"Living lightly on the earth"

Building an Ark for Prince Edward Island, 1974–76

Reviewed by Andrew Workman

Posted September 15, 2020

A part of the Canadian Modern series from Dalhousie Architectural Press, “Living lightly on the earth” offers a comprehensive chronicle of the rise and fall of the Ark, a self-sustaining “bioshelter” built on Prince Edward Island in the 1970s.

Author Steven Mannell, founder of Dalhousie University’s College of Sustainability and a practising architect, uses numerous primary sources, including interviews with the Ark’s architects, to detail the theory behind and the making of the pioneering project. His book includes an abundance of architectural drawings, diagrams, and photographs that effectively illustrate the structure and its component systems from nearly every angle — inside and out.

The book also succeeds in relating the spirit of the era, capturing the ecological optimism of the New Alchemy team and the federal government’s enthusiasm regarding the project, as exemplified by former prime minister Pierre Elliott Trudeau.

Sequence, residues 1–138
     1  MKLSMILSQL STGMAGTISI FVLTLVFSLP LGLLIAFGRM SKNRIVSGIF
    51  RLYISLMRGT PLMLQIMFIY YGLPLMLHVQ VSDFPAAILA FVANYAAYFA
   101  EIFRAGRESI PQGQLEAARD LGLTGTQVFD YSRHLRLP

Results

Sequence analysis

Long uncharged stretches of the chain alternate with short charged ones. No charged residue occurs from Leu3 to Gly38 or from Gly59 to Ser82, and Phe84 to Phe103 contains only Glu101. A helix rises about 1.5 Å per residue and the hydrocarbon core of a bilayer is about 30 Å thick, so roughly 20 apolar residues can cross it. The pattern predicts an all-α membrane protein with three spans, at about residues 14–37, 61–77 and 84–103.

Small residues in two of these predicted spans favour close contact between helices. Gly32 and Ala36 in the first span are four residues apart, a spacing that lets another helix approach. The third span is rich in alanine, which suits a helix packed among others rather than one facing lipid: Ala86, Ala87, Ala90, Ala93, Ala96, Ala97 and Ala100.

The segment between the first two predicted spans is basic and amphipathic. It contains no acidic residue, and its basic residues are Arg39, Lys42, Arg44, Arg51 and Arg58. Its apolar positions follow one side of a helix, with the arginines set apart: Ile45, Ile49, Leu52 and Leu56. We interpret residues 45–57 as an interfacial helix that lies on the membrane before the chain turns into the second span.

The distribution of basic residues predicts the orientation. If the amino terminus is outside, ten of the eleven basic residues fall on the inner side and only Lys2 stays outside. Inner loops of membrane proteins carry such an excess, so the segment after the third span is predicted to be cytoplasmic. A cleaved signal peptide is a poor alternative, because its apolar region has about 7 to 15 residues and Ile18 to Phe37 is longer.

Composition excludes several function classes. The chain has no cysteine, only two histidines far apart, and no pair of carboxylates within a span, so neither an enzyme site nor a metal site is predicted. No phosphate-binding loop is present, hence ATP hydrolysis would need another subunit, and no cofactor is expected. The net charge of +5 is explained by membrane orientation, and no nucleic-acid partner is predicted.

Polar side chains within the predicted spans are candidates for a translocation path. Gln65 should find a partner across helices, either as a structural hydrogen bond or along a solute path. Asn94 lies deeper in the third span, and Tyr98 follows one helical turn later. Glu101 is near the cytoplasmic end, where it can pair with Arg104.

While the Ark was ultimately a short-lived experiment, much of its technology — such as integrated renewable-energy production, organic agriculture and aquaculture systems, and passive solar heating — is still relevant. This book could serve as both a reference and an inspiration for today’s “green” architects.

Buy this book from Chapters-Indigo

This article originally appeared in the October-November 2020 issue of Canada’s History.

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